I believe in feministic Christianity

Photo courtesy of Max Pixel | Throughout the history of Christianity women have been protrayed as sources of evil and distraction from men living a pure life as Christians. Copy Editor Sylvia Chemweno argues that this view of women in the Church is contradictory to the message of Christianity and explains why her religious beliefs and her political beliefs are not independent from one another.

As a feminist, I will say that my faith plays a big role in my activism. It is through my faith that I believe that every person should be treated with equal respect and have their human dignity valued without being discriminated against because of their identities.

I was raised as a Pentecostal Christian. Going to church as a child, it was really interesting learning the biblical stories, and I would be lying if I didn’t say those stories motivated me to go church. Among these are the story of creation, Abraham, Lot and Samson. These stories are about men of God and evil women, women who tempted the men into sinning against God.

And as I grew up, I came to learn many biblical verses that portrayed women as evil and inferior. This understanding came through going to church sermons where the preachers would justify their beliefs that women are inferior, because God created man before woman and then would fail to explain the other two accounts of creation. The funny thing is that a preacher said a woman was made from a man’s rib, which is why women have more ribs than men. I felt so stupid when I realized that we all have the same number of ribs. This is just one example of many misinterpretations of the Bible that promote misogyny and patriarchy.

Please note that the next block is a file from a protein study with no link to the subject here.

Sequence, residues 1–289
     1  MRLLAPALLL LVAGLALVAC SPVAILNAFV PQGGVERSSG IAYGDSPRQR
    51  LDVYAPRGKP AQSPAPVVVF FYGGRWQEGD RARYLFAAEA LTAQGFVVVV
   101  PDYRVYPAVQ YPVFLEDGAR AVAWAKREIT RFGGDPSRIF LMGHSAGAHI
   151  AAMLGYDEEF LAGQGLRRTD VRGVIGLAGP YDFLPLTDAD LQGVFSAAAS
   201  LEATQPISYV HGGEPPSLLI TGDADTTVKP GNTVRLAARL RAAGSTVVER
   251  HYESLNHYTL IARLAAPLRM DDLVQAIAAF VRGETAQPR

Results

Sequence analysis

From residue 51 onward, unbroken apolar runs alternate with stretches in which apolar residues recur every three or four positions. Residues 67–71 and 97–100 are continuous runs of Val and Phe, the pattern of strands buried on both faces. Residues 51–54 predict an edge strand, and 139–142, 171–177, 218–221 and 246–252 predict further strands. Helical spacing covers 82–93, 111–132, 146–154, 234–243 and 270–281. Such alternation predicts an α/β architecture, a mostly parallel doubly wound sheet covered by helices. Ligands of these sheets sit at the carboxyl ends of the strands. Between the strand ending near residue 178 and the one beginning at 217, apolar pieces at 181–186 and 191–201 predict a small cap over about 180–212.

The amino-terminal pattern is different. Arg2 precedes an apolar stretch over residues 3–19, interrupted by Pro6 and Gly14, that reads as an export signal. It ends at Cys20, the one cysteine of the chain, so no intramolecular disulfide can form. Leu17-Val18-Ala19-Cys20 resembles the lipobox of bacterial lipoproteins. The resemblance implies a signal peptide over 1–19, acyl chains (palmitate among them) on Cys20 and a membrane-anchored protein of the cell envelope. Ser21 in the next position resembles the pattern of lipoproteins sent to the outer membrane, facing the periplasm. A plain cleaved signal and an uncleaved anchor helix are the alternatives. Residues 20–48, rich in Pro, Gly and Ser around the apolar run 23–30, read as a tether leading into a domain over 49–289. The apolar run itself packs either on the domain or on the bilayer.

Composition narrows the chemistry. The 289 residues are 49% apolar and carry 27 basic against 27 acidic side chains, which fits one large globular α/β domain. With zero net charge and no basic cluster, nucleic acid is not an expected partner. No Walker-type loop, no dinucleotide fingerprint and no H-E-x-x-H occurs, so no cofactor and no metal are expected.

Having all these teachings undermine my existence and value as a woman, I questioned what kind of God would create human beings and say they look equal before His eyes and then make me feel less valued? What kind of God would say I (as a human being) am created in His image and then would also justify me being treated as inferior because of my gender? What kind of God would call me to share the Good News to the world and also say I should not speak in the church?

These questions, along with many others, made me question what I was taught in church. I questioned the church’s doctrines, and I became more aware of sexism in the church, how the Bible is used as a tool to perpetuate women’s oppression, encourage rape culture, foster toxic masculinity and preserve gender-based violence.

This contradicted the other teachings I learned about Jesus (my favorite activist), who happened to be the role model to “all” Christians. Jesus taught against injustices. My understanding of Jesus’ teachings was so different from what most preachers taught. So I started to concentrate on his teachings and the stories of women in the Bible like Deborah, who was a judge and is my inspiration when it comes to my interest in leadership, Esther and so many more.

When I started to become vocal in my feminism, some friends asked me if I was still a Christian. What fascinates me is that my advocacy to treat people with respect and dignity can be used to question my Christian faith. I do what I do because of my spiritual beliefs. It is because of my Christianity that I am a feminist – not the other way around.

My feminism is not independent of my spirituality. I am not an expert in theology, nor am I a preacher, but one thing that I believe is that God created me for a purpose that is not going to be limited by my gender. I also believe God gave me wisdom to discern what is wrong and the courage to speak out against inequality of any kind, including gender inequality. For me, this is a shallow explanation of Christianity and feminism because there are so many sexist beliefs deeply rooted into the Christian faith that require us to demolish and redefine what it means by saying we were created in God’s image.

Sylvia Chemweno is a senior biology major and copy editor for the Newswire. from Iten, Kenya.

One thought on “I believe in feministic Christianity

  1. What a fantastic article, Sylvia. An incredibly thoughtful piece.

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